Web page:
The Color Purple Book Review – Written by Alice Walker
Rehashing old books, as per Harold Bloom, is one of the most astounding types of scholarly delight. I have perused The Color Purple by Alice Walker a few times in the previous decade, and every time the experience has been uplifting and often abandoned me incoherently joyful.
The Color Purple is primarily the narrative of two ladies: Celie and Shug Avery made up for lost time in the inferno of life in the profound American South. The figure however whose character smolders in my memory, and to whom I have a solid connection to is Celie. She, as David Copperfield and Pip are in Charles Dickens’ books, is the story’s central hero.
The world that Alice Walker portrays is however far grimmer than Dickens’. It is the world that has an irritating smell of subjection, with lynching sneaking out of sight. It is the world that delivered men and ladies whose souls were twisted by the affliction they needed to persevere. However, Alice Walker puts herself in characters that change and the story lights up with their improvement.
The book begins with Celie composing a letter to God. She composes in light of the fact that she is excessively embarrassed, making it impossible to ask. Celie’s difficulty starts in youth. At fourteen, she is assaulted by her stride father, and later has two kids by him.
In any case, to understand Celie in every one of her shadings one must understand her association with Shug Avery. Avery is different to her both in disposition and looks. She is beautiful, and she sings. She strikes an onlooker as a wanton vixen. In any case, one later understands that she is an insubordinate soul in a rebellious battle against the harm of a manly and supremacist society.
She is disdained by many. When she becomes ill the tattle tongues are voluble in festivity. Indeed ‘the minister got his mouth on Shug Avery, now that she down’. Then Albert, Celie’s husband, takes Avery in: into his home as well as into his bed. It is Celie who with awesome anxiety nurture the diminishing Avery to health. She day by day washes her, respectfully combs her hair and dutifully encourages her.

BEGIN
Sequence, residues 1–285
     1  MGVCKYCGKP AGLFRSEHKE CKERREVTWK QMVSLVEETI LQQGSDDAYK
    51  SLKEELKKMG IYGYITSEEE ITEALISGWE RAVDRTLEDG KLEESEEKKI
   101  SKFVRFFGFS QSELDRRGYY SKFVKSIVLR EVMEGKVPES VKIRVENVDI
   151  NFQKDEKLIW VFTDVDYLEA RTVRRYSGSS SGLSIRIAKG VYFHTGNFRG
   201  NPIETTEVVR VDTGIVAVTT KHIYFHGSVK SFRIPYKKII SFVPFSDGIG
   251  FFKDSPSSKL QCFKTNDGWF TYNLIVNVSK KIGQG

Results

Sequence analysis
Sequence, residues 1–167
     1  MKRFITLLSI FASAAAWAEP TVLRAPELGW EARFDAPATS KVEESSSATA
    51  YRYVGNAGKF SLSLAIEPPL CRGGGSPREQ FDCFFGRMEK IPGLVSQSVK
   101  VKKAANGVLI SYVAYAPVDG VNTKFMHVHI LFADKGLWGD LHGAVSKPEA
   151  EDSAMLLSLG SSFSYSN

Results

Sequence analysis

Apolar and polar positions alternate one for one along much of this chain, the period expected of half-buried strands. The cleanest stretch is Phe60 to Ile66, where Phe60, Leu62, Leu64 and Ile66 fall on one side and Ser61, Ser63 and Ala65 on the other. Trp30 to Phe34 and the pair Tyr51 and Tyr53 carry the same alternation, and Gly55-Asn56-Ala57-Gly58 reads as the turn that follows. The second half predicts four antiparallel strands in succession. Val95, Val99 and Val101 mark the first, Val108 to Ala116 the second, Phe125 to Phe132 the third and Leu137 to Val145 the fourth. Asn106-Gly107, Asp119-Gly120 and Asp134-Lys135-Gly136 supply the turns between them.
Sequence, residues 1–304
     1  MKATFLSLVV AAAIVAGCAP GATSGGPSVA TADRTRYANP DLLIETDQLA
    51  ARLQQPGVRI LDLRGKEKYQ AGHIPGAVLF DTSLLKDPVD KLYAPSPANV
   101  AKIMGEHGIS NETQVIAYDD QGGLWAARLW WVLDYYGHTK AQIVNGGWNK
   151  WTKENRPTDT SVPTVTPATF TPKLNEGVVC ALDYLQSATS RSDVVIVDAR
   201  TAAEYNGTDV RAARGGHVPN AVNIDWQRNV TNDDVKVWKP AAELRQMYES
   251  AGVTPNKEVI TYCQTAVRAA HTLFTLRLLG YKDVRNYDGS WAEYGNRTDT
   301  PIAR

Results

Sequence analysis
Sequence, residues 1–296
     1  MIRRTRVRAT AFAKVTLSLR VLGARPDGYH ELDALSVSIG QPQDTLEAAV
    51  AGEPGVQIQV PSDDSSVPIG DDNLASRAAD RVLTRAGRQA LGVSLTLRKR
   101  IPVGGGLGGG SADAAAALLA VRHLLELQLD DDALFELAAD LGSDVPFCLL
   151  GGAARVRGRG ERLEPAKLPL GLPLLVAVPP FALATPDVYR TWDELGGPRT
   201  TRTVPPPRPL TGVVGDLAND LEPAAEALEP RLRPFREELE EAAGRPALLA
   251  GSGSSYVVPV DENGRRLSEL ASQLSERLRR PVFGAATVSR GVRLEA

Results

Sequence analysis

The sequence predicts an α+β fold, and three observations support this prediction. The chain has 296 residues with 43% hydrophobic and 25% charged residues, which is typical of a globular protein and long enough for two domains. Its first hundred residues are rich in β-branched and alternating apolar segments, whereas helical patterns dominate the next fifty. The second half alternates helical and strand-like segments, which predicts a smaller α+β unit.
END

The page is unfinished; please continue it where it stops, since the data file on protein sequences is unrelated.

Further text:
They fall frantically infatuated with each other: Avery, the woman with a scandal history and Celie, the submissive heavenly attendant. Like the scriptural whore, Mary, Avery with her affection figuratively pours oil on Celie’s tormented heart and makes her experience euphoria she has never known.
This experience changes them both: for Celie, the will to live triumphs over the unsettling power of self-uncertainty of her slight and delicate personality. Her gentility and even her sexuality are excited and emphatically attested. She was no more alone. She has somebody with whom she can communicate with moment simplicity and friendship.
Avery then again recovers her health. The nearness of Celie in her life feeds and softens her. Their adoration causes Avery to take off. She completely recuperates her health as well as looks for some kind of employment and even a husband. The two ladies never come up short each other in affection till the end.
Like the Don Quixote and Sancho Panza in Don Quixote, they bit by bit tackle each other’s qualities Avery gradually progresses while Celie’s personality illuminates with confidence. Perusing the book we unavoidably find out about life, and about who we are a result of these characters.
Along these lines when I think about The Color Purple, it is this amazingly cherishing union between these two altogether different ladies, and their happiness over the wretchedness of their lives that I discover generally vital. This beautiful and clever story dependably feels like a festival and a triumph: for blacks in America, for ladies in the public arena, and for humanity on the loose.
There are other vital characters that give the story its quality. Albert, Celie’s husband, smolders interminably with rage like a bit of bacon sizzling in its own particular fat. He lamentably goes on his freak personality to his child, Harpo. The last is hitched to Sofia, who is not your run of the mill docile wife. She trusts that viciousness is the best way to change the foul play of the male and white world she lives in. Her fierceness just about wrecks her at last.
The Color Purple is an incredible triumph for Alice Walker. She has considerable clear gifts of characters and places. The exchange between them helps the peruser imagine the setting as well as understand the social and political subtleties that won at the time. Along these lines The Color Purple is significantly more than just fiction yet a rich chronicled novel, and a great that will continue to be perused with delight for a long time.
The motion picture of the same title by Steven Spielberg, with Oprah Winfrey and Whoopi Goldberg, is therefore a fitting landmark to this staggering story.